Coca-Cola never adopted diversity plan for law firms; group that threatened suit targets other companies
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Coca-Cola never implemented a directive that required its outside law firms to use diverse lawyers for at least 30% of their billed attorney time on new matters.
The company’s current general counsel, Monica Howard Douglas, told shareholders in a Feb. 7 letter that the diversity requirements “have not been and are not a policy” at Coca-Cola, according to Bloomberg Law. The company confirmed the authenticity of the letter to Bloomberg and told Law360 that the plan was put on pause.
Former general counsel Bradley Gayton had announced the directive in a January 2021 letter to outside law firms. He resigned from his post about three months later but stayed on as a “strategic consultant” to Coca-Cola.
The American Civil Rights Project, which opposes affirmative action, had threatened to sue Coca-Cola over the policy. The group said the plan amounted to illegal race discrimination, and Coca-Cola was breaching its fiduciary duty to investors.
The American Civil Rights Project has also threatened to sue the McDonald’s Corp., the Starbucks Corp. and Novartis AG over diversity policies, Reuters reports.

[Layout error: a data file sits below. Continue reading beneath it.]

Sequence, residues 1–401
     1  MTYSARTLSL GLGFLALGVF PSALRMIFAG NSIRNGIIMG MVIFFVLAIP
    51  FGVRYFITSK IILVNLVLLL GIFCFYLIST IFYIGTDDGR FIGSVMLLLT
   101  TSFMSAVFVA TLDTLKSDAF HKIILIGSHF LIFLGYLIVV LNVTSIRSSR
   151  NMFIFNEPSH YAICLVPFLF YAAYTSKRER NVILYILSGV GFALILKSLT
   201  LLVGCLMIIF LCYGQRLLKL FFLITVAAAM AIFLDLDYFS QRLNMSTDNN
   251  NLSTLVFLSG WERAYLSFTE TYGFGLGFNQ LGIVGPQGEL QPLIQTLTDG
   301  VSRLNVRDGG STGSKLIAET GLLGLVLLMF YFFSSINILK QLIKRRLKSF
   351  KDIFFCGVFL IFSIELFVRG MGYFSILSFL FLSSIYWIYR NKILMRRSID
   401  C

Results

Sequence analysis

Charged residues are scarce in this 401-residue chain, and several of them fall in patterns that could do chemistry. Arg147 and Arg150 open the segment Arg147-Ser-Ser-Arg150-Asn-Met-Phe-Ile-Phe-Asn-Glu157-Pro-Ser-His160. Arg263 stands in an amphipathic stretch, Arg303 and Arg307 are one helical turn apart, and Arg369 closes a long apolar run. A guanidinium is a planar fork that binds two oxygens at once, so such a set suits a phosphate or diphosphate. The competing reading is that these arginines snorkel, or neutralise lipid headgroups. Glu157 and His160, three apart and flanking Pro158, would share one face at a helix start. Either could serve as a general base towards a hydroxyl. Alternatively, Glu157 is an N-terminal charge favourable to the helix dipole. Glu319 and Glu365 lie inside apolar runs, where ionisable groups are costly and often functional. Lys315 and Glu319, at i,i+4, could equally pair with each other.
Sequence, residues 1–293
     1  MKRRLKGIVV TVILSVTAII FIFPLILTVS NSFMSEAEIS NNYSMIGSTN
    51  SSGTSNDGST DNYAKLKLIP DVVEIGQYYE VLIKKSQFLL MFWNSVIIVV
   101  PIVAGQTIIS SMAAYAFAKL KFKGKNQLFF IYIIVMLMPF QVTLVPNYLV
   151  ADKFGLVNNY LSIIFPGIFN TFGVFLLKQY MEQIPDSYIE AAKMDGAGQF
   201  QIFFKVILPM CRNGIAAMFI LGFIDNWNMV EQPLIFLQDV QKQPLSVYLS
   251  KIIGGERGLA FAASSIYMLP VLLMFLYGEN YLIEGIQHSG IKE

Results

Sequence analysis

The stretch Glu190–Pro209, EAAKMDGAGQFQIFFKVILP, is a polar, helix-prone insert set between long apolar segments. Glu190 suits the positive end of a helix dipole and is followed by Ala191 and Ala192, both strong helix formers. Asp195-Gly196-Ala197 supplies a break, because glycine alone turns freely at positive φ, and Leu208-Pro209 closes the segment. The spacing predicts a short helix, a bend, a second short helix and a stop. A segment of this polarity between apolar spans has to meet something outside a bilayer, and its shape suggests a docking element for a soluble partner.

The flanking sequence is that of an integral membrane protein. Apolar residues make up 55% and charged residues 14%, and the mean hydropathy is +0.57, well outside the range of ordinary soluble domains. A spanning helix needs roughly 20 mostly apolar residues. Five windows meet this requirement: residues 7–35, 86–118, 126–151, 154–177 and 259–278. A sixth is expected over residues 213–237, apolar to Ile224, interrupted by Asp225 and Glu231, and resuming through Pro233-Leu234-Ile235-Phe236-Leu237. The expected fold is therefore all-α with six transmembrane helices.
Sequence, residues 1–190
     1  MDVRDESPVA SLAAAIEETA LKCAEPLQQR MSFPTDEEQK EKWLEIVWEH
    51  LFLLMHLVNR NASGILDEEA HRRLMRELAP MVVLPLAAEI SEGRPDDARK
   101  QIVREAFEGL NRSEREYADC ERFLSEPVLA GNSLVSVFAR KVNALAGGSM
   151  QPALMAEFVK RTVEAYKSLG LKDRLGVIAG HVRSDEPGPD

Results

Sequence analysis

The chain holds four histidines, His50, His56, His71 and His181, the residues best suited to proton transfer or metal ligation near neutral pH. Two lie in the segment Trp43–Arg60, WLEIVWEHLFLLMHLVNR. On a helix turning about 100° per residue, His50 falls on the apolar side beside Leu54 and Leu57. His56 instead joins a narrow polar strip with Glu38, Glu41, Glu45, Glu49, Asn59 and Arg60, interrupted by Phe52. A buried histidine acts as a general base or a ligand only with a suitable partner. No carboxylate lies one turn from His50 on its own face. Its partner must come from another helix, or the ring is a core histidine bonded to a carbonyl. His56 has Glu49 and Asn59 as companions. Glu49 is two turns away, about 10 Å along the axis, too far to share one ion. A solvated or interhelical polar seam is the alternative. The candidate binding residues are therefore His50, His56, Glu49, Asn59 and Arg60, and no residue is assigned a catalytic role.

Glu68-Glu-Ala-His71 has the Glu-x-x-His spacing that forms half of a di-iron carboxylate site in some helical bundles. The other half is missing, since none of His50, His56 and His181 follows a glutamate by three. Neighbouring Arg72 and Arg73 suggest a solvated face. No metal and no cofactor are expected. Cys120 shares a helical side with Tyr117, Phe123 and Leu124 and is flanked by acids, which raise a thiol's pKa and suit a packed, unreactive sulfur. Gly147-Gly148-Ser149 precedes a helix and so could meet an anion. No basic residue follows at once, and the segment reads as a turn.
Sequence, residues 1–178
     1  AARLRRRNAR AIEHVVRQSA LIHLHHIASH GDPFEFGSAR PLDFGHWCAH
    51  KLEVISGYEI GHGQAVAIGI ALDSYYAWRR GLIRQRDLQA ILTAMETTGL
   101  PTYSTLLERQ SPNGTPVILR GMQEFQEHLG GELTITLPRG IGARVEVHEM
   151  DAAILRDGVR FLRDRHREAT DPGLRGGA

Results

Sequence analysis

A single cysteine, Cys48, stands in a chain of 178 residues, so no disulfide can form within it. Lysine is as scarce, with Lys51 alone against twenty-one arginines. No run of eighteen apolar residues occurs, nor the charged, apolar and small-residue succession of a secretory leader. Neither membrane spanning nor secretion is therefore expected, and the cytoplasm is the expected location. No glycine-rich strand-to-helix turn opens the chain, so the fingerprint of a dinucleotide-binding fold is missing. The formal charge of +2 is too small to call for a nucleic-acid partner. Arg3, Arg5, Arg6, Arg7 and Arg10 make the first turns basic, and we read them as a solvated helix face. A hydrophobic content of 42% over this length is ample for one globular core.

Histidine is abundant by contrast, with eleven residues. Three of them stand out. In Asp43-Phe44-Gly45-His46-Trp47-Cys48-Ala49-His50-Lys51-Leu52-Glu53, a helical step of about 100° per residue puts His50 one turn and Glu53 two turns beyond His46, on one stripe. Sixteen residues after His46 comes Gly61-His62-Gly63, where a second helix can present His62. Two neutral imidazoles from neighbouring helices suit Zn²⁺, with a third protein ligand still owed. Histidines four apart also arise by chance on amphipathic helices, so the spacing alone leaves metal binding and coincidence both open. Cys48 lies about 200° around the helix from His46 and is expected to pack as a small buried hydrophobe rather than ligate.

McDonald’s has diversity goals for the composition of its senior leadership, Starbucks has diversity goals for workers and suppliers, and Novartis has a preferred program for outside law firms that commit to diversity minimums, according to the American Civil Rights Project.
Under Gayton’s never-implemented plan:
• Law firms would have to commit that at least 30% of associate and partner time on new matters would be billed by diverse lawyers. Of that amount, at least half of the billable hours would go to Black lawyers.
• If firms couldn’t meet diversity commitments internally, they could work with other firms to assemble teams that qualify.
• If firms failed to meet the commitment over two quarterly reviews for new matters, their fees would be reduced by 30% for the matters going forward until the commitment was met.
• Firms that didn’t meet the goals over time wouldn’t be considered for new work.